Miami Marlins starting pitcher Pablo López was ejected after hitting Atlanta Braves star Ronald Acuña Jr. on the first pitch of the bottom of the first inning Friday night at Truist Park.
After the hit-by-pitch, Braves manager Brian Snitker emerged from the dugout in anger, especially because of this being a pretty regular occurrence over the last few years when the Marlins face Acuña. And after the umpires met to discuss how to handle the matter, crew chief and second base umpire Dan Iassogna decided to eject Lopez.
Marlins SP Pablo Lopez hit Acuña with the first pitch of the game and was immediately ejected. pic.twitter.com/mNe841rWbe
— FOX Sports: MLB (@MLBONFOX) July 2, 2021
After the ejection, Marlins manager Don Mattingly — to go with Miami pitching coach Mel Stottlemyre Jr. — was also ejected after getting his money’s worth. He was quite displeased.
Don Mattingly right now: pic.twitter.com/g8LzksKolb
— Bally Sports South (@BallySportsSO) July 2, 2021
Both sides are understandable here.
Again, there’s a history, with Acuña getting hit by a pitch five times vs the Marlins in 52 career games. He’s an absolute superstar, and when there’s bad blood between two division rivals, the best player getting hit by a pitch certainly looks suspicious- and naturally gets the team of that batter even more defensive and irritated. It also has the umpires more on alert, and that pitch did look like an intentional hit-by-pitch frequently looks. So, of course the Braves were furious and suggesting it was intentional, and it’s understandable how the umpires came to the ejection conclusion as well.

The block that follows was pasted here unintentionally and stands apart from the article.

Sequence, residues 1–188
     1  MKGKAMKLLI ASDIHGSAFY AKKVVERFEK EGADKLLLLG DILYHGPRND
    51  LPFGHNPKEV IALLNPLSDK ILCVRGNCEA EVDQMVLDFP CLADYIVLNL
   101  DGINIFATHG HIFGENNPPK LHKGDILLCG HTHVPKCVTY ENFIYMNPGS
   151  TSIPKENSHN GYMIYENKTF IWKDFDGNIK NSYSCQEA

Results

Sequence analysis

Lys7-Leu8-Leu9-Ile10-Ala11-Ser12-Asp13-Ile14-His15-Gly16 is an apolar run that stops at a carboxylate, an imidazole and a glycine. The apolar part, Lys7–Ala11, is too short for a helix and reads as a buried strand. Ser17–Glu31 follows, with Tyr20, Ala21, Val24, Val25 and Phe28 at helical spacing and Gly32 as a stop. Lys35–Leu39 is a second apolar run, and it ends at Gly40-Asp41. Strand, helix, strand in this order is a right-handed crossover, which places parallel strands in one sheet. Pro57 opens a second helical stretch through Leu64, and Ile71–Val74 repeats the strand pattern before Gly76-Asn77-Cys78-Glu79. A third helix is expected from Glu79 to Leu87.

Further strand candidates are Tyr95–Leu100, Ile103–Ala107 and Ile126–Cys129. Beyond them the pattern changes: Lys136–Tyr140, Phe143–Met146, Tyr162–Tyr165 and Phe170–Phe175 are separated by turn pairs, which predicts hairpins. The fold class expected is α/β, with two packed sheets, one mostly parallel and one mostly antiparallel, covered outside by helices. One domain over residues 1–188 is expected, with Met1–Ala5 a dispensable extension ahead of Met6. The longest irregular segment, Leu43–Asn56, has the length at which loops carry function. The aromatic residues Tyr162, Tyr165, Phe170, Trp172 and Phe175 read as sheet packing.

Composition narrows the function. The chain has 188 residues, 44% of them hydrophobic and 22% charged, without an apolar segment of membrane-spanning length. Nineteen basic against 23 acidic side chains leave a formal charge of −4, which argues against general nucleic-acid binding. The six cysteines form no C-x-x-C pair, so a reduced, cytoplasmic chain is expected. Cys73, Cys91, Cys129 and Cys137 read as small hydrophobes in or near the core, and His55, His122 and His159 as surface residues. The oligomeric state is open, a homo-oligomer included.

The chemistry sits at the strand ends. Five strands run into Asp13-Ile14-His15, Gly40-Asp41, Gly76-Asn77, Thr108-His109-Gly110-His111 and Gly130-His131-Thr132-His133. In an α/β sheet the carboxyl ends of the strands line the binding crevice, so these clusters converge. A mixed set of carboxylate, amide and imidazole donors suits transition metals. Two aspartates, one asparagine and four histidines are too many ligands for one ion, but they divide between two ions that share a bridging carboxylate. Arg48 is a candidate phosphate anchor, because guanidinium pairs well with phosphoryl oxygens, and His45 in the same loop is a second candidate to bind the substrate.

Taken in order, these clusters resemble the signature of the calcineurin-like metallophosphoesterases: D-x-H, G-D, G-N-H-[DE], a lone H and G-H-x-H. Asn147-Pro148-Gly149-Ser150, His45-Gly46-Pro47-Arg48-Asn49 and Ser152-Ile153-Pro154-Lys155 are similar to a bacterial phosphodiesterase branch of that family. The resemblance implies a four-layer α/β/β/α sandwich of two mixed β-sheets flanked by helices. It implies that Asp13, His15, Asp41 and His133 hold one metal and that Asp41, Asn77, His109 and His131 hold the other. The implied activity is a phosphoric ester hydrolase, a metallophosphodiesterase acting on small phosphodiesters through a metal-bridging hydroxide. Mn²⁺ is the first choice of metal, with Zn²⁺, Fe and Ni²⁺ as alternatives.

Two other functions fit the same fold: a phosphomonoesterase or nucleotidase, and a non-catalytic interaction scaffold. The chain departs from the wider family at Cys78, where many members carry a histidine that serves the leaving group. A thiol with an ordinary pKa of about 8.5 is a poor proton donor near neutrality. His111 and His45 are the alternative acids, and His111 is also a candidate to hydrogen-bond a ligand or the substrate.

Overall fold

But is Lopez really trying to hit Acuña on the first pitch of the game? While the last-place Marlins — 8.5 games back in the NL East — may not have realistic playoff chances (granted, they do have the division’s best run differential at +20!), you’d think they wouldn’t want their very good starting pitcher — Lopez entered with a 2.87 ERA — intentionally throwing at the first batter of the game and potentially getting ejected. That immediately significantly decreases their chances to win a game, and forces them to have to use — and exhaust — their bullpen for 27 outs. Perhaps it was simply a two-seamer that got away from Lopez, and sometimes it takes pitchers time to get feel of their command in a game. Mattingly did seem genuinely shocked about the ejection.
Oh, and that baserunner literally ended up being the difference in the game. Acuña came around to score on an Ozzie Albies sacrifice fly, and the Braves won 1-0.